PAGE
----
The only real downside of a 250 is limited freeway prowess—yes, they’re hypothetically fast enough, and I’ve done tons of freeway miles on a fully-loaded 250 to prove it—but they lack headroom. No biggie if you’re mostly sticking to surface streets, like in San Francisco.
The KLX is good mount for such malarkey, offering willing power delivery and a lithe feel. Plus, the camo paintwork meant The Fuzz couldn’t see me!
Sure, it doesn’t set anyone’s hair on fire with eyeball-flattening acceleration, but the old adage “fast enough to get into trouble” applies. I like trouble, so Surj+KLX=G2G. And the bike’s brakes and suspension are certainly good enough to manage that trouble.
Stoplight-to-stoplight, block to block, neighborhood to neighborhood? The KLX is quick enough to outrun most cars in low speed urban environments, agile enough to slice between obstacles both moving and stationary, and cheap as hell to insure.
Here’s the funny thing. Like Fish, while riding the KLX, I couldn’t help but run constant comparison scenarios in my head between the Kawi and Honda’s CRF250L, because—also like Fish, but I was first—I own a CRF250L, which I bought new in 2014. It’s been extensively modded, and has served me well. One of the key modifications was comprehensive upgrades to the suspension, thanks to Race Tech, because the stock suspension is, as Fish says, “easily overwhelmed.” Translation: it sucks, unless you’re Shayna Texter-sized.
Shit. She’s a Husqvarna rider. Who rides a Honda and is small, like Lilliputian?
Oh, here we go: the CRF250L is sprung for Dani Pedrosa.
Anyway, at the time, the KLX250 was still carbureted and cost $5,099, $100 more than the EFI-equipped 250L. It was a no-brainer, even though the Honda is a little heavier—I’m kinda with Fish on the “who cares what it weighs” thing, within reason.
But if I was shopping today, I’m not sure I’d make the same decision. On paper, it’s harder to choose the Hondanow (although smart folks know that Hondas seldom look as good on paper as they perform in the real world). Sure, the CRF is $200 less than the plain green KLX and has optional ABS, which isn’t available on the Kawi. But the KLX is now fuel injected, and you’ll piss away the $200 (and probably a lot more) you saved buying the Honda on making the suspension functional (unless you’re Pedrosa), meaning the KLX’s adjustable suspension (with cartridge fork!) alone is worth it.
Plus, the camo is cool.
Editor Surj doesn’t think it’s at all strange that he and Fish both own a CRF250L and a Buell Ulysses. Fish’s is a Rally, after all, and Surj’s is better anyway.
This story originally appeared in our August 2018 issue, which you can read in all its original high-res glory here.
(69.2 out of 100)
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250 review kawasaki klx 2020
2020 Kawasaki KLX250
Despite dual sports being around since the ’60s, they have recently seen another spike in popularity in recent years for their do-it-all characteristics and lighter weight than larger adventure motorcycles, so it makes sense for manufacturers to have a couple of models in their lineups. The Kawasaki KLX250 is Team Green’s highest-displacement dual sport for 2020, the other offering being the air-cooled KLX230.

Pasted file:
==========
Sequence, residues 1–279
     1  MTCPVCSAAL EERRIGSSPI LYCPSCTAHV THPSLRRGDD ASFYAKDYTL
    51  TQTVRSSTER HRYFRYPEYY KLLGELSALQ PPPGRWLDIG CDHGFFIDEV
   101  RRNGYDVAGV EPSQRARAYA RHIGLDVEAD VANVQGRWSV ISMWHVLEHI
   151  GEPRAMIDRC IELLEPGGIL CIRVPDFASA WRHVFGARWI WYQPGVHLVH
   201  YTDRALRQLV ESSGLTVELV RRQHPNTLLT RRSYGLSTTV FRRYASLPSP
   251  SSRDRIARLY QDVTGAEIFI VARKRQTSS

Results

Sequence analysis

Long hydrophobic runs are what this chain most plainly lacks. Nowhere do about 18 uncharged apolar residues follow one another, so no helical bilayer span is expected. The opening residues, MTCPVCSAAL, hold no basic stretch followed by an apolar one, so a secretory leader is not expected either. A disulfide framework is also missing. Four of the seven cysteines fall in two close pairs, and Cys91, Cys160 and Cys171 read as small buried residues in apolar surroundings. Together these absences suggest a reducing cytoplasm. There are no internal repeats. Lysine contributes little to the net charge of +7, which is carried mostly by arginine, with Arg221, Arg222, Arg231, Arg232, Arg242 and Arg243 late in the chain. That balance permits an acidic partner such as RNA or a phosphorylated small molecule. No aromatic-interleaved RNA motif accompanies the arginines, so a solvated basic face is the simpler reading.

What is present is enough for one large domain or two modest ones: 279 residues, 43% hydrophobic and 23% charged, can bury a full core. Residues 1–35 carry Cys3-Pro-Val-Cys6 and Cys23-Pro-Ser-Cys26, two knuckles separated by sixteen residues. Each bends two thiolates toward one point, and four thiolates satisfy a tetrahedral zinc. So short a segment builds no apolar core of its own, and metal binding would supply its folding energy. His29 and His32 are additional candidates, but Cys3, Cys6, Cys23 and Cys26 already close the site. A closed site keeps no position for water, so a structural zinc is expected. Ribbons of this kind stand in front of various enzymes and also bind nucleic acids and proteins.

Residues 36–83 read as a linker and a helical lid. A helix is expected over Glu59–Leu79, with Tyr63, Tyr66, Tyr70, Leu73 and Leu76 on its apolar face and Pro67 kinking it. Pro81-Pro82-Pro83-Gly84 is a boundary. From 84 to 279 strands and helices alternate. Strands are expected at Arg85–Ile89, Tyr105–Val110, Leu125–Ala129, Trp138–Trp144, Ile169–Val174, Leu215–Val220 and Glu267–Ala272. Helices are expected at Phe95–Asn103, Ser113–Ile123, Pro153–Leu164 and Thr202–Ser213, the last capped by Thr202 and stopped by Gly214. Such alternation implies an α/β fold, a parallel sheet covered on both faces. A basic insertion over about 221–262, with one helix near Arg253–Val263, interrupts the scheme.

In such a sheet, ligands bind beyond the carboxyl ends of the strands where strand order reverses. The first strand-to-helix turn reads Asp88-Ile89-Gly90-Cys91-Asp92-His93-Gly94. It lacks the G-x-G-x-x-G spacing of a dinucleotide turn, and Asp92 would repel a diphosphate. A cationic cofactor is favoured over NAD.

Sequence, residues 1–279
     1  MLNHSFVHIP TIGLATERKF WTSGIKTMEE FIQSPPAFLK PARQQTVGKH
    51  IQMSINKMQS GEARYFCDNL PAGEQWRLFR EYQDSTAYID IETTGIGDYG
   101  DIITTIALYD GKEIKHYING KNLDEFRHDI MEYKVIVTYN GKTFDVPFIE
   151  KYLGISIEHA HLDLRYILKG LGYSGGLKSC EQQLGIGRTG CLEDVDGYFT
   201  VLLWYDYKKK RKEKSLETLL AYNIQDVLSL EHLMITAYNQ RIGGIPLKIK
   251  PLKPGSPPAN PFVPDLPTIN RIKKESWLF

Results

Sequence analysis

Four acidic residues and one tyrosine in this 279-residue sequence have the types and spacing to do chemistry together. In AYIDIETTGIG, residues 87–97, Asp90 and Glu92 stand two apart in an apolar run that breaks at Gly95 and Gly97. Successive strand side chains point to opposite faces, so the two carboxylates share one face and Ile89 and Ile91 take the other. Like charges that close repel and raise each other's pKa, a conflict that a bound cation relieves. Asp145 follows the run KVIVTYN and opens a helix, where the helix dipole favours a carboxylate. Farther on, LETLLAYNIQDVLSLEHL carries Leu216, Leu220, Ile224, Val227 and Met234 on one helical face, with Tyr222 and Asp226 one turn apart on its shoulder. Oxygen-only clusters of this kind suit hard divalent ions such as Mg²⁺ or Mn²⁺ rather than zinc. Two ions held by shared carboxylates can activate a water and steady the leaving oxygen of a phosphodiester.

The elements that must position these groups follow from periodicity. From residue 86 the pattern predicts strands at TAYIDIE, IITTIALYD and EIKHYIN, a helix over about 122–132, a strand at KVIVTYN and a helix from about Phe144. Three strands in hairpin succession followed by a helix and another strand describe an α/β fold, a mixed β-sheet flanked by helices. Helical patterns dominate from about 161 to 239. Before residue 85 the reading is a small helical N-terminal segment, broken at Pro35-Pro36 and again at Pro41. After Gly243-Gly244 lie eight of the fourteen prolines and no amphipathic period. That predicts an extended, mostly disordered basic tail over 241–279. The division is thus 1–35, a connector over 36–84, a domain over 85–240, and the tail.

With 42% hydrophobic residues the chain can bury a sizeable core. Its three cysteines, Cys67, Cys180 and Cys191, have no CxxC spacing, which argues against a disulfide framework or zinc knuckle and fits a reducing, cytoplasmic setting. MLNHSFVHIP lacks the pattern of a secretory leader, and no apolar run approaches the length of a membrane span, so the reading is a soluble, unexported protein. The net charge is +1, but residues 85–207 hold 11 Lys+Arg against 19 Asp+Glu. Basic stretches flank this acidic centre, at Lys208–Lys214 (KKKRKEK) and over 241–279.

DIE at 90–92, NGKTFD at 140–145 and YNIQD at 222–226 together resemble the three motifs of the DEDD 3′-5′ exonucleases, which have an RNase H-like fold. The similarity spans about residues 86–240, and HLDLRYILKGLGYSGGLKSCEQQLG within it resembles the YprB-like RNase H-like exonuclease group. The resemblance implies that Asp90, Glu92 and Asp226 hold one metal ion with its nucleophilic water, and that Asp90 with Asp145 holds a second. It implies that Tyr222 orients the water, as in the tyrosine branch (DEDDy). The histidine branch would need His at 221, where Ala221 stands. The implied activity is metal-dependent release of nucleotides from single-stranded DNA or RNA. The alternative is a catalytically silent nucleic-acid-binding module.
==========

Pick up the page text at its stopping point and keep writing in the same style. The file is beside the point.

What the KLX250 offers is still a new-rider-friendly mount that borrows from the KX line for dirt capability with long suspension travel, high ground clearance, and large-diameter tires, but this has a slightly-shorter-than-dirt-bike seat height at 35 inches. Further, its slim design makes it easy to maneuver down both dirt roads and through the urban jungle.
2020 Kawasaki KLX250 Reviews, Comparisons, And Competition
When the KLX250 returned for the 2018 model year after a four-year break, we had to throw a leg over the returning dual sport. Our test rider found the bike to be very smooth and mild in the power department. “The meat of the power is found in the midrange, and, if you keep it there by keeping up your momentum and flowing down dirt roads, the 250 is pleasantly capable,” test rider Sean Klinger reported.
Kawasaki KLX250 Updates For 2020
No significant changes were announced for the 2020 model year. The KLX250 is available in two colorways: green ($5,399) and camo ($5,599).
2020 Kawasaki KLX250 Claimed Specifications
|Engine:||Liquid-cooled DOHC single-cylinder|
|Bore x Stroke:||72.0 x 61.2mm|
|Seat Height:||35.0 in.|
|Front Suspension:||43mm telescopic fork, compression adjustable; 10.0-in. travel|
|Rear Suspension:||Fully adjustable; 9.1-in. travel|
|Front Tire:||3.00x21 51P|
|Rear Tire:||4.60x18 63P|
|Fuel Capacity:||2.0 gal.|
|Wet Weight:||304 lb.|
Really all this time I was two meters from the street, I did not know this, but why, why did not I hear anything. She opened the door, it creaked softly, two girls ran alongside with a dog on a leash. What happened to me, what. Do I want to think about it now.
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Very soon he shot her in the face with sperm. Looking at this, I myself brought myself to another death. Irene licked his dick, we rinsed, smoked and went to bed. I didnt even want to remember Nina - for me it wasnt.